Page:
The aquarium bottom should be furnished with a 3-inch gravel bed that can be overlaid with some smooth rocks or even bogwood. If one is to include mudskippers (Periophthalmus spp.) in this setup, the rocks and bogwood would need to break the water surface in one front corner of the aquarium to give a good view of the mudskippers that are normally out of the water most of the time. However, a large water surface should be maintained for the four-eyed fish. It is hard growing regular plants in a brackish aquarium, but one could try some macro algae or even some small mangrove plants that would need regular trimming to keep them within the confines of the aquarium.

While sea water has a specific gravity of around 1.020 to 1.024, brackish water with a specific gravity of around 1.005 is adequate for maintaining four-eyed fish. However, finding a hydrometer calibrated to check this specific gravity level might be difficult. Brackish water can be made by adding 2 level tablespoons of marine salt per gallon of water. Some hobbyists may elect to use aquarium salt or the even cheaper cooking salt, which is just sodium chloride and does not contain all the trace elements found in sea water. The water parameters of a brackish aquarium are generally alkaline and hard (pH: 7.5 to 8.5, dH: 12 to 20), which fortunately can be easily measured.

The brackish aquarium does need a good filtration system, which can be provided by a large external canister filter with a large colony of nitrifying bacteria (Nitrosomonas and Nitrobacter) to convert the fish waste, such as ammonia, first to nitrite and then nitrate. Large fish produce a lot of nitrogenous wastes that can adversely affect the fish if their levels are allowed to build up.

Additionally, regular partial water changes (20 percent) with fresh brackish water are needed every two weeks to remove accumulating nitrates to maintain good water quality. The canister filter return pipe also provides a nice current of water that is necessary in this tank. A heater thermostat or two is needed to maintain the water at a temperature of 77 to 86 degrees Fahrenheit. Adequate lighting can be provided by fluorescent tubes even if mangroves or macro algae are growing in the tank.

The four-eyed fish greatly appreciates live insects taken at the water surface. The garden is a great provider of insects and other crustaceans of every variety, though the easiest to collect are probably woodlice. Lifting any old piece of wood in the garden and lightly tapping it inside a bowl dislodges a multitude of different-sized woodlice that are appropriate food for these fish. These woodlice are crustaceans that have properly invaded land without the need to return to water in order to breed. Because they feed on dead leaves and stems found in the soil, there are hundreds of these half-inch bugs around compost heaps.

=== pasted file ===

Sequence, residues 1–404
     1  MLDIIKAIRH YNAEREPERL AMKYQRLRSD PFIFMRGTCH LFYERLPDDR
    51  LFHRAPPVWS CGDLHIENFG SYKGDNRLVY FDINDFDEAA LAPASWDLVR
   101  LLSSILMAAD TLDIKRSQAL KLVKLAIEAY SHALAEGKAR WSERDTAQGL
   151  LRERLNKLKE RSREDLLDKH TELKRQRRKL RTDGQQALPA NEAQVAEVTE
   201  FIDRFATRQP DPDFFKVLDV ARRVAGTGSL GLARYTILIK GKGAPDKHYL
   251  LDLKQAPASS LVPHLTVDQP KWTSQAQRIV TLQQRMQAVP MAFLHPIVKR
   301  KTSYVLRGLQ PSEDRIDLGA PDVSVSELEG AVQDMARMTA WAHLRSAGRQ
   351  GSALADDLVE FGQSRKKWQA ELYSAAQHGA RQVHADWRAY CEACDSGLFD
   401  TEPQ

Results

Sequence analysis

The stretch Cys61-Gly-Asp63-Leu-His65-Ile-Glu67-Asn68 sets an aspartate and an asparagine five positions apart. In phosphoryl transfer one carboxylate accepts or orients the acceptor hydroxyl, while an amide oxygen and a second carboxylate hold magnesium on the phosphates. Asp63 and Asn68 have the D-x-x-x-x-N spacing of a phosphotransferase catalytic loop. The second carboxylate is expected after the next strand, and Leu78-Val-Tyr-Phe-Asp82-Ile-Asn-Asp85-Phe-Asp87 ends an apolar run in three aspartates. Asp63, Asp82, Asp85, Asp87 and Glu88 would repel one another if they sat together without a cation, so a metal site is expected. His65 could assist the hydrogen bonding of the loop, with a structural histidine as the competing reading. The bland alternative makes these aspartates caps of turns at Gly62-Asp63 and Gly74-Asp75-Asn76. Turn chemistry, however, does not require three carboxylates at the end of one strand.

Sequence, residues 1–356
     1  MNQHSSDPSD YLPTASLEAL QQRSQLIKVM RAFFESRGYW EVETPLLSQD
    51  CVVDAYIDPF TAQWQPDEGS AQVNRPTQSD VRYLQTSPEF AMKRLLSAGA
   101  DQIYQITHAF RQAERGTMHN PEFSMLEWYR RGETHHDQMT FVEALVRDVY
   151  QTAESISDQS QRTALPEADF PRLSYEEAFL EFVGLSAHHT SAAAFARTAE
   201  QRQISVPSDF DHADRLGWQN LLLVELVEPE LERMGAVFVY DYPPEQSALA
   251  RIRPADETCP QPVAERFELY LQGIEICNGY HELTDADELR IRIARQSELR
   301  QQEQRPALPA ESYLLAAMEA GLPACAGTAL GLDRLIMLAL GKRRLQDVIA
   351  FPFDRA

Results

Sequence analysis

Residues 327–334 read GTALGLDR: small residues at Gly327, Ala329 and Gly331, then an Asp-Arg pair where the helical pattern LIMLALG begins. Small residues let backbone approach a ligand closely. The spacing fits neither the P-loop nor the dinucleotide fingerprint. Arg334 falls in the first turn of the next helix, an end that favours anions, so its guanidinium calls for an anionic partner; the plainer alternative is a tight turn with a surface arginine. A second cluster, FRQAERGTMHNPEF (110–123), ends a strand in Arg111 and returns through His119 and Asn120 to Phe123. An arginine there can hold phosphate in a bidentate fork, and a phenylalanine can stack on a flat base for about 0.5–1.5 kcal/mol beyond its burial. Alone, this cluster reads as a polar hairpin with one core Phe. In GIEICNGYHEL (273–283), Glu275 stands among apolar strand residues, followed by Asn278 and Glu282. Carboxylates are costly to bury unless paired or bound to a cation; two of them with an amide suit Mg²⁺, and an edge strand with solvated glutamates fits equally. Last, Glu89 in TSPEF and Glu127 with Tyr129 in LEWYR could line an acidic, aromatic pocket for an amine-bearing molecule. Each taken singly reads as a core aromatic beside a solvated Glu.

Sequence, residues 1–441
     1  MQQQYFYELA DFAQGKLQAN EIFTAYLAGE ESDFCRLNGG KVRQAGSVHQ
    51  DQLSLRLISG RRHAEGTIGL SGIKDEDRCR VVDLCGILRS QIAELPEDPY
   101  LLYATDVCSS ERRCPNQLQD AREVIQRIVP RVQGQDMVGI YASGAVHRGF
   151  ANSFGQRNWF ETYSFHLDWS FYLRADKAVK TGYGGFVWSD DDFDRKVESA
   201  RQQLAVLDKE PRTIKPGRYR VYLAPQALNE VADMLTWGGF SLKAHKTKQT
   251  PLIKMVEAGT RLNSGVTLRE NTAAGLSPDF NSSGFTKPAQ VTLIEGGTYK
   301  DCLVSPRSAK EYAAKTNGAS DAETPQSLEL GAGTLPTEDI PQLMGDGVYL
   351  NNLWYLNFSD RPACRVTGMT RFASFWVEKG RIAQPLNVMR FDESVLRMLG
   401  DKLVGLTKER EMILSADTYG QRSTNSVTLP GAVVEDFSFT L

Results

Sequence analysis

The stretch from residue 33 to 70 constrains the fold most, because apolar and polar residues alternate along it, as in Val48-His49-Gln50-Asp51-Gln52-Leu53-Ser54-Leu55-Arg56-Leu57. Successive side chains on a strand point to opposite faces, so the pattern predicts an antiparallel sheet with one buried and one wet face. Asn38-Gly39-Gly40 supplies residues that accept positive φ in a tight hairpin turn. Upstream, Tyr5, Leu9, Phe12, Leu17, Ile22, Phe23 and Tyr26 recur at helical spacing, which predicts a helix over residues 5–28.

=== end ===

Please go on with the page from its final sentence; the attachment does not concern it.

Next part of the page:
Fortunately, four-eyed fish will also feed on floating food sticks, pellets, and even flake and frozen foods. All these various types of foods are generally taken at or near the water surface by the four-eyed fish and not at substrate level, while sailfin mollies and orange chromides will happily take food mid-water and off the substrate.



Other fish for a brackish tank containing at least six four-eyed fish could be a group of four archerfish (Toxotes jaculatrix) or monos (Monodactylus argenteus). However, these fish also grow quite large, reaching 6 inches or more at maturity and are not suitable for an aquarium that has just a 12-inch depth of water. Their minimum depth should be at least 24 inches. Alternative aquarium choices for the brackish aquarium are some colorful sailfin mollies or even a group of orange chromide cichlids (Etroplus maculatus), both of which have completely different lifestyles to the four-eyed fish and also occupy a different niche of the aquarium. Also, these smaller fish put less of a burden on the filtration system and should do all right in the shallow water in this half-filled aquarium. Mudskippers (Periophthalmus spp.) would also make an interesting addition to this setup, as they spend a lot of time out of the water on the exposed rocks or bogwood above the water line, but they may need some smaller live food to keep them healthy.